of a white person is worth more than the life of a black person.

 The mentally retarded are victimized by the death penalty. 
Since 1989, when the Supreme Court upheld killing of the mentally 
retarded, at least four such executions have occurred. According to 
the Southern Center for Human Rights, at least 10 percent of death row 
inmates in the United States are mentally retarded(Long 79).

 Juveniles are subject to the death penalty. Since state 
execution of juveniles also became permissible in the decision cited 
above, at least five people who were juveniles when their crimes were 
committed have executed(Long 79).

 Innocent people can-and have been-executed. With the death 
penalty errors are irreversible. According to a 1987 study, 23 people 
who were innocent of the crimes for which they were convicted were 
executed between 1900 and 1985(Long 79). Until human judgement becomes 
infallible, this problem alone is reason enough to abolish the death 
penalty at the hands of the state more dedicated to vengeance than to 
truth and justice.

 Executions do not save money. There are those who cry that we, 
the taxpayers, shouldn't have to "support" condemned people for an 
entire lifetime in prison-that we should simply "eliminate" them and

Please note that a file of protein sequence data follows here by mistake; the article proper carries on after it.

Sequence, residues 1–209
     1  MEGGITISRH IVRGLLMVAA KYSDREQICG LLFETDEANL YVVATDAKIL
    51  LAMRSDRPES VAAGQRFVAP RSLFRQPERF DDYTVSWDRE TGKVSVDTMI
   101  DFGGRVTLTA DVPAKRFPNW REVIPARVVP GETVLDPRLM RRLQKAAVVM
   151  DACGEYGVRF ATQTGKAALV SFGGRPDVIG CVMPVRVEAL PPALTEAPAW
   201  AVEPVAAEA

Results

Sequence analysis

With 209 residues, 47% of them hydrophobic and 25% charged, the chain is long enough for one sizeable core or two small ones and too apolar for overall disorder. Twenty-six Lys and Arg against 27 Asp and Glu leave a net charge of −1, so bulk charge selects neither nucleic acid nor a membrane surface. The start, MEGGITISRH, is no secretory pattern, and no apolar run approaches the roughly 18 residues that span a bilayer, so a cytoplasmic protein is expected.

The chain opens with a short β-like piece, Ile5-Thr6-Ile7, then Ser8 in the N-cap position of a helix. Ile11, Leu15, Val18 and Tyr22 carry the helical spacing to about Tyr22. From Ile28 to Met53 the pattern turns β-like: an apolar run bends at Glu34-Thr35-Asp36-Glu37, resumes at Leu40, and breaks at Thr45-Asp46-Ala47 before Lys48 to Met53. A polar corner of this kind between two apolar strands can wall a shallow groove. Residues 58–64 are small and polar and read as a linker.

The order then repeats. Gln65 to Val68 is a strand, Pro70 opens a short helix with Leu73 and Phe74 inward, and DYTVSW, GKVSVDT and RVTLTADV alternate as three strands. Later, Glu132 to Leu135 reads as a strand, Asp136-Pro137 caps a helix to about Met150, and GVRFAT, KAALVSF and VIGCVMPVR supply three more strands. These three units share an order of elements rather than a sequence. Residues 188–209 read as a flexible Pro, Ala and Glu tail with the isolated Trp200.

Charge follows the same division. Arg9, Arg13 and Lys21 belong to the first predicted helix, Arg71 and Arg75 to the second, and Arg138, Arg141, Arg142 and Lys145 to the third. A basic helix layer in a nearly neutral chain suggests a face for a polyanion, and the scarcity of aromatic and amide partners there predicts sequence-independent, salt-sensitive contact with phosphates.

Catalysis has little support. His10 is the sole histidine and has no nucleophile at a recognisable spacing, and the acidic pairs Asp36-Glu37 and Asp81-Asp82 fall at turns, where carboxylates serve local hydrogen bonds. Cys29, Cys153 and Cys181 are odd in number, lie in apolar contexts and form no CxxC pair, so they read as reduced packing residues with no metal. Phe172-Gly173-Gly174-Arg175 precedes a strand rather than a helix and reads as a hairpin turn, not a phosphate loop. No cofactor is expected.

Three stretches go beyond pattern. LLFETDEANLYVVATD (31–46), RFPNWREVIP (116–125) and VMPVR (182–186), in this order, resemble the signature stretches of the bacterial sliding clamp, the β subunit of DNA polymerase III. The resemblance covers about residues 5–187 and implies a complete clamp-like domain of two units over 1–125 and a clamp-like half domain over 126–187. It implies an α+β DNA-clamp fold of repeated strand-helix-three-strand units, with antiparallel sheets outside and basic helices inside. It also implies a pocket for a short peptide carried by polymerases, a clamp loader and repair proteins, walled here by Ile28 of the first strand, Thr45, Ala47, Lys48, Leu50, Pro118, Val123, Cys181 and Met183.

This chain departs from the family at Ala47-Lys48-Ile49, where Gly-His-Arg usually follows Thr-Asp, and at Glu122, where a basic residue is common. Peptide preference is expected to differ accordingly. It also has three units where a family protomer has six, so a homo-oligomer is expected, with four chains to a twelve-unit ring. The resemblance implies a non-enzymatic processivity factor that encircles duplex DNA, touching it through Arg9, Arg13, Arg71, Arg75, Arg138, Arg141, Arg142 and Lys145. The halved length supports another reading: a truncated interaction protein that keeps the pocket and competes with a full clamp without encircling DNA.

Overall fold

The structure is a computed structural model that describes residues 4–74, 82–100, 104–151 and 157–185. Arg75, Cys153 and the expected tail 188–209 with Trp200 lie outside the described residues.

save ourselves time and money. The truth is that the cost of state 
killing is up to three times the cost of lifetime imprisonment(Long 
80). Judges and others are reluctant- as they should be-to shorten the 
execution process for fear that hasty procedures will lead to the
executions of more innocent people. The death penalty has been imposed 
most for murders committed during the course of another felony. 
Aggravating circumstances for murder are defined in the applicable 
death penalty statute. Circumstances considered for murder include:

-The crime was particularly vile, atrocious, or cruel.
-There were multiple victims.
-The crime occurred during the commission of another felony.
-The victim was a police or correctional officer in the line of duty.
-The offender was previously convicted of a capital offense or violent 
-The offender directed an accomplice to commit the murder or committed 
the murder at the direction of another person.